Enterprise Marketing & Promotions Management

Merchandising in ‘Active’ Mode by Selling More of What You Already Sell the Most

By / September 2016

Insights

In retailing we have all heard of the ‘80-20 Rule’, simply put, only twenty percent of items we stock generate eighty percent of sales.  In fact, with many retailers an even much smaller percentage of items drive the majority of the sales, while the vast majority of items languish on the shelves, producing very little in sales and incurring great costs for the retailer.  It is this condition that many in retailing are now calling the phenomena of the  ‘Big Head’ and the ‘Long Tail.’

When I think of supermarket merchandising, I think of the amazing amount of products that retailers manage to place in their stores, with the knowledge that each of those products carries with them an expense or holding cost.   Despite the heavy cost of inventory, some of the very best retailers have expanded both the size of their stores and the inventory that populates the many aisles and departments.

This big store strategy is founded in the belief that bigger is better and variety attracts shoppers. But, with e-commerce competing with bricks and mortar stores in an already overstored marketplace, their unspoken strategy must be that their size and might will also eliminate the vast majority of their bricks and mortar store competition.

The big store strategy carries with it significant risk.  A demonstrated unwillingness to spend precious time navigating large stores reveal a shopper that is screaming at the retailers to bring them what they want to buy without making them wade through miles of aisles.  The numbers do not lie. Fewer than three hundred items comprise the list of frequently purchased items in the supermarket.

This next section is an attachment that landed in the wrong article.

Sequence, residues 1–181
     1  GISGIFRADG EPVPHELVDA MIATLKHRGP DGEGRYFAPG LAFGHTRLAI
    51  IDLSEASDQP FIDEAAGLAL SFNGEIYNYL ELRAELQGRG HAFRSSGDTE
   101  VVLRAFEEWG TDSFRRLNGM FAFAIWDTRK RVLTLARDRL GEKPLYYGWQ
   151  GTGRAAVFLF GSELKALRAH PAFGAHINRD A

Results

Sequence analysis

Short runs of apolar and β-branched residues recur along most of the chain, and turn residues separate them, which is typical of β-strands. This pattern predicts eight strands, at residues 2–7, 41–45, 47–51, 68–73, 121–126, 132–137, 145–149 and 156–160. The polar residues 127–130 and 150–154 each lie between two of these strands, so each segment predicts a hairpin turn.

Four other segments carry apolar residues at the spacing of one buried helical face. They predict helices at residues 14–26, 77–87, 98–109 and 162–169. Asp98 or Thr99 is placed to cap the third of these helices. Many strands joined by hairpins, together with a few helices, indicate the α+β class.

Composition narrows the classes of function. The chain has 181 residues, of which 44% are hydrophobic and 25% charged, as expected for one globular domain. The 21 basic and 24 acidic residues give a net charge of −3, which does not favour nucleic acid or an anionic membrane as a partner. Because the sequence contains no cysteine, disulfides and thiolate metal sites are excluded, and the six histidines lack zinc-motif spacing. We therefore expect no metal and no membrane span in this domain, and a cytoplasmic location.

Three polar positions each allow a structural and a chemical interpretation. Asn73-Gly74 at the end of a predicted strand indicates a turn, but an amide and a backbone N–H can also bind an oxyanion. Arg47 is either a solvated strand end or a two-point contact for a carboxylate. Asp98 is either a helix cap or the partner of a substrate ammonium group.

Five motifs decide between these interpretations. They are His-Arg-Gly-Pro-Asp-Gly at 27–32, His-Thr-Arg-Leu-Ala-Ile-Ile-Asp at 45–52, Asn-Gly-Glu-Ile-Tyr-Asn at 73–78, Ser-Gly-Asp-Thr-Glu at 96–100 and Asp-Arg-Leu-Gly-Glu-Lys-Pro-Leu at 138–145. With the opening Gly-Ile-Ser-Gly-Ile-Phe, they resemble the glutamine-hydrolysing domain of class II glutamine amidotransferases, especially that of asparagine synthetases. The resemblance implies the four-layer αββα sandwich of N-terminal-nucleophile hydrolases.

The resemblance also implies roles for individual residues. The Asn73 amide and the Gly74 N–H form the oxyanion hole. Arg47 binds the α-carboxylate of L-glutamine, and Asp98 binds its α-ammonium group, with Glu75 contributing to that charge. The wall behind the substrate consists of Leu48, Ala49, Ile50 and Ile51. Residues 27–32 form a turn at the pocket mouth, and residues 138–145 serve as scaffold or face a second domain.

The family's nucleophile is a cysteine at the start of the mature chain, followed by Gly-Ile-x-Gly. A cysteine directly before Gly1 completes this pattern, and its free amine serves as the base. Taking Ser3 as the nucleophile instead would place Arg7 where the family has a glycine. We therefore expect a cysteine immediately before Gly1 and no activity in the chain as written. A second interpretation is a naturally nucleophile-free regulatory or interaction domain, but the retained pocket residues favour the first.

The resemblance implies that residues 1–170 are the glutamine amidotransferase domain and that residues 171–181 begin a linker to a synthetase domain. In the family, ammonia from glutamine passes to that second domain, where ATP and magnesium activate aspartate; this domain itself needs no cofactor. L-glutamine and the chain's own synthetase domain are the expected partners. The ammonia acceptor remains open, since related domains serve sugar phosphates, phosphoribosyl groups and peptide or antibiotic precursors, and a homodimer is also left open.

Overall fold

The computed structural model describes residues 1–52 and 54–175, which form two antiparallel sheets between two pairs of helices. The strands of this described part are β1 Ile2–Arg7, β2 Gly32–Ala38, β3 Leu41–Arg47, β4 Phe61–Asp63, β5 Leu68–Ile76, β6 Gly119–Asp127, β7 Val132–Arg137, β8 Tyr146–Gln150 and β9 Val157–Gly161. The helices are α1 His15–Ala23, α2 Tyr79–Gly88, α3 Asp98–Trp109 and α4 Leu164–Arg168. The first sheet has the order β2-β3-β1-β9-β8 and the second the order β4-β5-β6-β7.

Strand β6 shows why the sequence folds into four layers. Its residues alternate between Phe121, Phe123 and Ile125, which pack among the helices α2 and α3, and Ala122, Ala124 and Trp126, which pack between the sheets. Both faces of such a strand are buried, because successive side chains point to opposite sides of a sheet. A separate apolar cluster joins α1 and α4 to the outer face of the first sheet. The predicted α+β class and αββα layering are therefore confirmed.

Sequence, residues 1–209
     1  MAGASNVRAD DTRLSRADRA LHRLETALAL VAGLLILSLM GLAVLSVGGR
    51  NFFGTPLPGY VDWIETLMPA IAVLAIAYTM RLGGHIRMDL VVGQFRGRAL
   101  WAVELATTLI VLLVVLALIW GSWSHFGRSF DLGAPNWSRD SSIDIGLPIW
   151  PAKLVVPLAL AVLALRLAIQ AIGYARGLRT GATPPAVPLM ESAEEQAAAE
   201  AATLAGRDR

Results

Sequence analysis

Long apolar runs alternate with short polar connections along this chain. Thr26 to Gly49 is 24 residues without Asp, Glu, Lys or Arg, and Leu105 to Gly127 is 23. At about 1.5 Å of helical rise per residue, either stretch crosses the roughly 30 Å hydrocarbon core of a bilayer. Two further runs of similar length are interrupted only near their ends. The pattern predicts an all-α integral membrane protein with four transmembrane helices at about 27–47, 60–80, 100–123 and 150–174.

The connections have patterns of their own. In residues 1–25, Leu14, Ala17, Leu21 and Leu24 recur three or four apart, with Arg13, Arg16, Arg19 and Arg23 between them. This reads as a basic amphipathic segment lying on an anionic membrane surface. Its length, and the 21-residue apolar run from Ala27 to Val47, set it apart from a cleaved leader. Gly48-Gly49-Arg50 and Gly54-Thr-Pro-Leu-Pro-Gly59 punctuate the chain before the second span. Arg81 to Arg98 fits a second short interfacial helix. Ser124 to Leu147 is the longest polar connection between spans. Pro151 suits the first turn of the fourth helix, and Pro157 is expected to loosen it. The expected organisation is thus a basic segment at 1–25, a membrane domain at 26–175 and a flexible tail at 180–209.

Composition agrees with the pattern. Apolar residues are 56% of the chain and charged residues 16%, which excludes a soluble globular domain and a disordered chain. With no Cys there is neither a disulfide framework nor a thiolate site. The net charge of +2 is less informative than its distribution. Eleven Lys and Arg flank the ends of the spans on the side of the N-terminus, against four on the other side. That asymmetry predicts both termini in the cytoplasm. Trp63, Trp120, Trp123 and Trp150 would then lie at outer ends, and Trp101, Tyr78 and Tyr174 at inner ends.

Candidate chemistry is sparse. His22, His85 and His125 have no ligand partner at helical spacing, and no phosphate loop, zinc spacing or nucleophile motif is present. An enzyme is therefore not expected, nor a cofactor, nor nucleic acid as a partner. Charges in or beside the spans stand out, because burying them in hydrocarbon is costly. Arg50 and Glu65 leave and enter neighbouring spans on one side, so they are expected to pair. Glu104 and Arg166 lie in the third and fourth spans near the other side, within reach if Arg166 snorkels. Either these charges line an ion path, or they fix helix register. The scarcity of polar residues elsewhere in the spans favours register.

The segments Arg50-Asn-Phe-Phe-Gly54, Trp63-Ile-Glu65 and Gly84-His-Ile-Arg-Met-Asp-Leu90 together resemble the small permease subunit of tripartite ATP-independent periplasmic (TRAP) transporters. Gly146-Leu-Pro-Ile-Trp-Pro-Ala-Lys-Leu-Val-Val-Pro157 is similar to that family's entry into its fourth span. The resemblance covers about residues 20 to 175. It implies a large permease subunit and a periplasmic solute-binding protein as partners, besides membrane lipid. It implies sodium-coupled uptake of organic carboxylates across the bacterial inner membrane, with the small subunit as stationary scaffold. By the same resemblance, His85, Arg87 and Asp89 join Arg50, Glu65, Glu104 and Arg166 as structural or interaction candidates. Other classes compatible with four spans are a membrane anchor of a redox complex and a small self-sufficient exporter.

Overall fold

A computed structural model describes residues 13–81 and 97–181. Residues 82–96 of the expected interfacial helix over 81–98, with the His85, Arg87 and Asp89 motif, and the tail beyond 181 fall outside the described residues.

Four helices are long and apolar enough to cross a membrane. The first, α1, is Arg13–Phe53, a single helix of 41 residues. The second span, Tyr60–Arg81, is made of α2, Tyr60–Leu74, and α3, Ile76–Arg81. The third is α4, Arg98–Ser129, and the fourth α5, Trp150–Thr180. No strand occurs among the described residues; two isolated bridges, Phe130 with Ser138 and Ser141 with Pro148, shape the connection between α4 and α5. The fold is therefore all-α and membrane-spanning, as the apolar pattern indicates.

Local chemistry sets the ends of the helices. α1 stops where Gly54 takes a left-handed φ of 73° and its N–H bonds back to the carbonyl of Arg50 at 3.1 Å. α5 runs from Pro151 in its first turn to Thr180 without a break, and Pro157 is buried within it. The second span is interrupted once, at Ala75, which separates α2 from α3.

Club stores, like Sam’s, Costco, and B.J.’s have directly addressed this issue by selectively carrying only best-selling items rather than having dozens of brands in a category, they pick the top selling one or perhaps two or three to offer to the shoppers.  These Big Head stores predictably produce very efficient shopping trips in large part due to not handling the thousands of items that produce a scant few of actual sales.

Implications for ‘Active’ Retailing: 

In ‘Active Retailing’, the Big Head becomes the conduit for growing incremental sales by making it easier for shoppers to find and buy what they want the most.  Conversely, the Long Tail becomes an opportunity for the retailer to smartly make these items available, but not necessarily merchandised on the shopper’s immediate path.  For some items that do not fall into significant baskets they may be candidates not to be carried in the physical store at all, but rather on demand through digital touch screens that deliver the product to the store or the shopper’s home.

Today, most retailers do not do themselves any favors by burying the Big Head among the Long Tail.  But that’s exactly what most retailers do while stubbornly rationalizing that shoppers will do the hard work of finding what they need among the clutter. They tell themselves that while shoppers wander through the miles of aisles they may pick up a few Long Tail items not on their list for this particular trip.  I refer to this as ‘passive’ retailing, in that retailers place the products in the store hoping the shopper does the heavy lifting of searching them out no matter where they may be inconveniently located.

Active retailers take the opposite approach.  They understand, as most marketers have learned over the years, that it is much more productive and sales advantageous to enable shoppers to buy more of what they are already buying rather to burden them with a time consuming fishing trip, trying feverishly to lure the shopper into buying items not on their list.  That is not to say that smart cross merchandising is a bad idea.  In fact, data-driven adjacencies and category affinities are essential to executing smart cross merchandising.

Many retailers have recognized that sales in their big stores have either peaked or the rate of growth has slowed.  In response, retailers such as Walmart, Raley’s, Whole Foods, and Ahold/Delhaize are experimenting with smaller store formats in hopes that these stores reinvigorate the sales productivity necessary for growth and long-term profitability.